35th Annual Antique Engine & Tractor Show Report
Old iron never gets old
On Saturday May 19th and Sunday May 20th, 2012 the 35th Annual Antique Engine & Tractor Show was held at the Four Town Fairgrounds in Somers, Connecticut. Several Tractor.com reviewers had heard of the event, but yours truly had not. I soon learned that was my loss and one not to be repeated.
Arriving at the fairgrounds Friday mid-afternoon, MyTractorForum.com moderators were already there with a tent and were putting out shirts, MTF cards and other goodwill items, along with a jar for drawing sponsor prizes. With everything ready for the morning kickoff, a fun evening at the local 99 Restaurant followed where moderators who knew each other mostly though emails and private messages were able to get more acquainted. Saturday the show opened at 8:00 am with a cloud free sky. The perfect weather would continue the entire weekend. Don’t forget that sunscreen. Exhibitors entered for free as did those under the age of 16. Gate admission was only $5 and parking was free.
A fun parade Saturday morning showcased some still fine-running old iron and produced a wide range of favorites – mine was the Avery Gas-Oil tractor whose operator got a real workout cranking the controls. Others couldn’t get enough of the Oliver Super 55 or the raft of McCormick Farmalls, one of which was a rare 1954 equipped with torque amplifier and independent PTO. Sweet! And if Ford tractors hold a nostalgic place in your heart, the stable Archie Tanner brought was quite impressive – including a 9N yours truly would have liked to take home. The 1956 Farmall “200” – just say gorgeous – owned and restored by Ralph Winn and Cory Jones was also worthy of high mention.
No tractor meet would be complete without a tractor pull and at the Four Town Fairgrounds there were plenty to choose from. If large antique tractor pulls were your thing, all you had to do was to head on over to the fenced in field to watch John Deere Gs do battle with Farmall M 560s and 817s and Massey Harris 44s. If lawn and garden tractors pulling concrete laden sleds got your juices flowing, all you had to do was drift on over to the Star Memorial Ring where the 4H Piston Pushers were putting on quite a show. The leader of the Piston Pushers runs with a handle at MTF (Hugh-SS/16). Not surprisingly, Hugh piloted a Sears SS/16 loaded with plenty of weight that handled the concrete loaded sled quite nicely. More pulls were arranged by the Dundee Creek Doodle Bug Club on Saturday and the New England Doodle Bug Club on Sunday. Doodle Bugs are low-budget, home-built pulling machines. Most don’t pack a whole lot of power but are geared very low. Because of that, many will sit there and bounce the front up wheels off the ground for a while trying to get the sled moving. Once the sled starts moving the front usually stay down. It’s one of those always fun-to-watch events.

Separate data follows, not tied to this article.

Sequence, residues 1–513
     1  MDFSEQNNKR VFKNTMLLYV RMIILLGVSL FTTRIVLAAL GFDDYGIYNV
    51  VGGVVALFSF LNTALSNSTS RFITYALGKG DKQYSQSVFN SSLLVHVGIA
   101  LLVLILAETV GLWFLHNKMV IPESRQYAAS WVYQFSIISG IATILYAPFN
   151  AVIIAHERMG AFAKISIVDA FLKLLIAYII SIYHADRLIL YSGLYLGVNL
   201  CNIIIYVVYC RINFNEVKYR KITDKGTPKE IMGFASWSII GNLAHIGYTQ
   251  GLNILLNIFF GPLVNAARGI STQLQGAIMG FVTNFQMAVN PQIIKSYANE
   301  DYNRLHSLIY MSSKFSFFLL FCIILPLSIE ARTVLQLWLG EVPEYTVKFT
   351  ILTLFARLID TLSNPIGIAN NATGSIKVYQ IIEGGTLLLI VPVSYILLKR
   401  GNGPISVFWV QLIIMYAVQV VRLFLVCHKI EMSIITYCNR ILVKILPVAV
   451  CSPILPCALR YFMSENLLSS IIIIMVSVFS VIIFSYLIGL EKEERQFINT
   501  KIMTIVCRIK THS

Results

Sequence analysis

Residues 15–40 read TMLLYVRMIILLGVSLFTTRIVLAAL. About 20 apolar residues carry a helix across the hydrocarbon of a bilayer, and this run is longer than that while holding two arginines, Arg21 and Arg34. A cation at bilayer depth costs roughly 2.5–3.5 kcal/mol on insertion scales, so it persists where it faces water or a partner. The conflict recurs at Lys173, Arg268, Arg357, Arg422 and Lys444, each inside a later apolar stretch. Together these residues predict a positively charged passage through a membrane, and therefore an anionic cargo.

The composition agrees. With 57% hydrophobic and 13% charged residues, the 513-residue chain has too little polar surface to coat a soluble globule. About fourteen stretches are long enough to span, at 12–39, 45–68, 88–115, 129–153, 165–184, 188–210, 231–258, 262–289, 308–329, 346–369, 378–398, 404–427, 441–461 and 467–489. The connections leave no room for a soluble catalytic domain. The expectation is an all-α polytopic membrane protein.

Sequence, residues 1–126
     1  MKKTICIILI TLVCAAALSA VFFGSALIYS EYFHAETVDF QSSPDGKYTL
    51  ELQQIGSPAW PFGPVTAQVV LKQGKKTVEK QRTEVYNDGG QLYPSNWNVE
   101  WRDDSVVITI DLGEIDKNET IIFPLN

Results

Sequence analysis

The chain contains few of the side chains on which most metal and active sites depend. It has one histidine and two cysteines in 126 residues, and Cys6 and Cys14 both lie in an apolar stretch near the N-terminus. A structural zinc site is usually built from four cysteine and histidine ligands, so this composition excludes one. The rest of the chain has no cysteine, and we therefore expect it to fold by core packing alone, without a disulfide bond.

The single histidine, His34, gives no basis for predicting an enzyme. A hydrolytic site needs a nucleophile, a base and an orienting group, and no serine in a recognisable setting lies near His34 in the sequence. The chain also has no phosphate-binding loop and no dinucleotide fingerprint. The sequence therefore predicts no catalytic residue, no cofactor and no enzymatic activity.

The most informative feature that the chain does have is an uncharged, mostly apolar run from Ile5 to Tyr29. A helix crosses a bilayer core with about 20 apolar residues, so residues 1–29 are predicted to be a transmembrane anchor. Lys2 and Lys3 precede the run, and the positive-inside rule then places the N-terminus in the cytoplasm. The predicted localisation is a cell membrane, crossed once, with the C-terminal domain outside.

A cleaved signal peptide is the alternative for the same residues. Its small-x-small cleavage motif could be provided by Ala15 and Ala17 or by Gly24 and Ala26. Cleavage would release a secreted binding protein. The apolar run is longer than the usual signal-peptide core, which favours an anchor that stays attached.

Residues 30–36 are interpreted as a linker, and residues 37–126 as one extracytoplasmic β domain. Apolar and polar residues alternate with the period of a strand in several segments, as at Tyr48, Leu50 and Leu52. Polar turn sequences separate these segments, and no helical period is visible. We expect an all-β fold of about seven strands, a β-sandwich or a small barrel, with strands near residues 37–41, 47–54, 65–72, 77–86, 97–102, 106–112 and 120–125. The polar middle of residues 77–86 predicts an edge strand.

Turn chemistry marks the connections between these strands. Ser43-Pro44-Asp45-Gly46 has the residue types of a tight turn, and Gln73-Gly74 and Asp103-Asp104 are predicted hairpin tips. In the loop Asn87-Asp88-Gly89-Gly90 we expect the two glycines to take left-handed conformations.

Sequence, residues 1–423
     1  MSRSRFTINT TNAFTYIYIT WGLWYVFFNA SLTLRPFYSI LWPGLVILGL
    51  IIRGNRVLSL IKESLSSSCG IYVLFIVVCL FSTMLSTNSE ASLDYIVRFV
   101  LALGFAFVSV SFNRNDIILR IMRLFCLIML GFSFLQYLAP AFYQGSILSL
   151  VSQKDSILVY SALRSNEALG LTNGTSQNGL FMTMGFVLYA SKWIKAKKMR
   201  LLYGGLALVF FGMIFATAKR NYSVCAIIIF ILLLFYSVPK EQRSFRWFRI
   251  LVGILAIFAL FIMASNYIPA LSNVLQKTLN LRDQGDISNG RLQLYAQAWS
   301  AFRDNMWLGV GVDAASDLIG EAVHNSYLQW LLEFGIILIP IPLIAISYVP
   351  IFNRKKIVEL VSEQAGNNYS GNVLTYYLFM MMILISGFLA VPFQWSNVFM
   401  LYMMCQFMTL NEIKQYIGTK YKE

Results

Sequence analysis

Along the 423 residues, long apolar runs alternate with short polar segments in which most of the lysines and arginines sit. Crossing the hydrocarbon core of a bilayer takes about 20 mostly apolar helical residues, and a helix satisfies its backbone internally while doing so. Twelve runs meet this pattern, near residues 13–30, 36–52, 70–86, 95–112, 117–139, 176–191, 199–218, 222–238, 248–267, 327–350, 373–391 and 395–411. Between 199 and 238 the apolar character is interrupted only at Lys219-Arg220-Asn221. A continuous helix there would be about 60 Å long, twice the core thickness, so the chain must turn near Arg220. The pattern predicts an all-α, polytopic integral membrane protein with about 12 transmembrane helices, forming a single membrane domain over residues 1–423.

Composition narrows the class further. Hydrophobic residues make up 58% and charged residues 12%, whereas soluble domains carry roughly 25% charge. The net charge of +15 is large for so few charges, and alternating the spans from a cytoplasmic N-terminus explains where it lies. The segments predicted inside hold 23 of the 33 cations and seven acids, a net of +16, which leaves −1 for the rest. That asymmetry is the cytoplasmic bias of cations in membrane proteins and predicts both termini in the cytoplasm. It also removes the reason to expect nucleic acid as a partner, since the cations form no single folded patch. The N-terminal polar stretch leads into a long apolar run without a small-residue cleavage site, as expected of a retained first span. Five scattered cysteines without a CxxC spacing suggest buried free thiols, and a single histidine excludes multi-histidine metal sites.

Strolling around the fairgrounds, there were plenty of friendly vendors hawking their wares. If you came to the Antique Engine & Tractor Show looking for a particular part to complete your pet project – a spark plug for a 1947 John Deere G or a sicklebar mower for an Allis Chalmers tractor – you found plenty of booths with hard-to-find individual components for sale all they way up to project tractors and even fully restored ones that for the right price you could take home. One booth even had a beautiful (though a reproduction) Schwinn Stingray bicycle for sale that brought back lots of fond memories.
At the MTF booth a banner was on display that has traveled quite extensively and has been autographed by many. At the Four Town Fairgrounds more familiar names were added including: tiretrx, Ken in NJ, BLIND REF, BOSOX, Ingersol444, JDFANATIC, Hugh-SS/16 and DMAC. MTF T-shirts were popular but I heard a few comments about the pick of black shirts during the heat of the day. Guess they’d better order up some in white. MTF hats were nice too.
When the day wound down Saturday, the MTF gang with a few new friends gravitated to the Enfield Red Robin for some good eats and a beer or two. So much fun was had that even politics and sports differences couldn’t spoil the evening. BLIND REF came from the farthest distance (East Texas) and with his infectious grin and down home accent, made more friends – and probably insurance contacts – than you can imagine.
Sunday was a day new and old friends said goodbye but such a success was the event that many were already making travel arrangements for next year’s 36th Annual Antique Engine & Tractor Show. I know we’re planning to be there. For more information about the Scantic Valley Antique Engine & Tractor Club and more upcoming events, you can visit the official website at http://svaec.webs.com/.
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